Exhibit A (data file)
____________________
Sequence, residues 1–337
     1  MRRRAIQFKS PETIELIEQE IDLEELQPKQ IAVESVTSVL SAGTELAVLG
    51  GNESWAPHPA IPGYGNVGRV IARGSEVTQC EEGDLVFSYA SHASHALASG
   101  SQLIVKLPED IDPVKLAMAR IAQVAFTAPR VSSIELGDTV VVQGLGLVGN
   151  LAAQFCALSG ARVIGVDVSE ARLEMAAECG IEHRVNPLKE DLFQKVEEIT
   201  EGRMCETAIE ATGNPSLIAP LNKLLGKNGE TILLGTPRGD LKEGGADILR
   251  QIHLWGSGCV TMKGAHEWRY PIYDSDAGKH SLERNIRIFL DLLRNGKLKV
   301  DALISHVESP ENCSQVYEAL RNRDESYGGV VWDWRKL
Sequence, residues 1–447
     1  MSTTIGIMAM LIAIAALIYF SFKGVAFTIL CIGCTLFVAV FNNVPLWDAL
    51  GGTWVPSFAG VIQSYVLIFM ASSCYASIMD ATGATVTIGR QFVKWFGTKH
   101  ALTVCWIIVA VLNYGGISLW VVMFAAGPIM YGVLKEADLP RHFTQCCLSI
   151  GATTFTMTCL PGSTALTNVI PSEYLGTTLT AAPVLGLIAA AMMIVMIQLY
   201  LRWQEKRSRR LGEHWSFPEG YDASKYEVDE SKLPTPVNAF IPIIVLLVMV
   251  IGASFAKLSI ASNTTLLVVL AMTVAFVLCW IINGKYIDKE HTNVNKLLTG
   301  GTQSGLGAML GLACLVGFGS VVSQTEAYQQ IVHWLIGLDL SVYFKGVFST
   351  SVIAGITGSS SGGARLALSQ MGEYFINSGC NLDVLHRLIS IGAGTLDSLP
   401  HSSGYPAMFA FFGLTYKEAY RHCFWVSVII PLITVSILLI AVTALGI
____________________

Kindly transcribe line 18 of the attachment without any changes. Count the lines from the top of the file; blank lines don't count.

   401  HSSGYPAMFA FFGLTYKEAY RHCFWVSVII PLITVSILLI AVTALGI